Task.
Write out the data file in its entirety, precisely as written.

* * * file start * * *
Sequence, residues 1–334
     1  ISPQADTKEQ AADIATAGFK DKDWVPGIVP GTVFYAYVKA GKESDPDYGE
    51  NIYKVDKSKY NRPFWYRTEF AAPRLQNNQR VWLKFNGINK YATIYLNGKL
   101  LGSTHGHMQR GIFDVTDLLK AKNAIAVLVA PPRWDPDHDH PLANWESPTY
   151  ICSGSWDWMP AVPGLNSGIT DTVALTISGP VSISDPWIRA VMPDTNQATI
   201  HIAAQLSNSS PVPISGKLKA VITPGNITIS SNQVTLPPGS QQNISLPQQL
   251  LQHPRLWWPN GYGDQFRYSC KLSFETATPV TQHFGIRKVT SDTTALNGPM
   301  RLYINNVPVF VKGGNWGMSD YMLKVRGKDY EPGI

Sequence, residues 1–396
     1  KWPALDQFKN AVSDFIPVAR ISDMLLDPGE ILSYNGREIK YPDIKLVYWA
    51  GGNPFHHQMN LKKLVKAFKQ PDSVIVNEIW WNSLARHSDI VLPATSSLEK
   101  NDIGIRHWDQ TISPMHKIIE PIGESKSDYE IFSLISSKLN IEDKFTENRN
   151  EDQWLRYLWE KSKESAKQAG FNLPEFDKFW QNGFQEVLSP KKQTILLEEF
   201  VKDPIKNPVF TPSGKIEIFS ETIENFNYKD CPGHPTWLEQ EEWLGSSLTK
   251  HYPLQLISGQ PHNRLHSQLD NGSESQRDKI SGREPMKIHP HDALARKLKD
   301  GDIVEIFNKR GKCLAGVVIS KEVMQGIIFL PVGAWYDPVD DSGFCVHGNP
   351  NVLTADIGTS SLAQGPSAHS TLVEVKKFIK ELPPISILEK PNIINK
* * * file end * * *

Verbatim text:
Sequence, residues 1–334
     1  ISPQADTKEQ AADIATAGFK DKDWVPGIVP GTVFYAYVKA GKESDPDYGE
    51  NIYKVDKSKY NRPFWYRTEF AAPRLQNNQR VWLKFNGINK YATIYLNGKL
   101  LGSTHGHMQR GIFDVTDLLK AKNAIAVLVA PPRWDPDHDH PLANWESPTY
   151  ICSGSWDWMP AVPGLNSGIT DTVALTISGP VSISDPWIRA VMPDTNQATI
   201  HIAAQLSNSS PVPISGKLKA VITPGNITIS SNQVTLPPGS QQNISLPQQL
   251  LQHPRLWWPN GYGDQFRYSC KLSFETATPV TQHFGIRKVT SDTTALNGPM
   301  RLYINNVPVF VKGGNWGMSD YMLKVRGKDY EPGI

Sequence, residues 1–396
     1  KWPALDQFKN AVSDFIPVAR ISDMLLDPGE ILSYNGREIK YPDIKLVYWA
    51  GGNPFHHQMN LKKLVKAFKQ PDSVIVNEIW WNSLARHSDI VLPATSSLEK
   101  NDIGIRHWDQ TISPMHKIIE PIGESKSDYE IFSLISSKLN IEDKFTENRN
   151  EDQWLRYLWE KSKESAKQAG FNLPEFDKFW QNGFQEVLSP KKQTILLEEF
   201  VKDPIKNPVF TPSGKIEIFS ETIENFNYKD CPGHPTWLEQ EEWLGSSLTK
   251  HYPLQLISGQ PHNRLHSQLD NGSESQRDKI SGREPMKIHP HDALARKLKD
   301  GDIVEIFNKR GKCLAGVVIS KEVMQGIIFL PVGAWYDPVD DSGFCVHGNP
   351  NVLTADIGTS SLAQGPSAHS TLVEVKKFIK ELPPISILEK PNIINK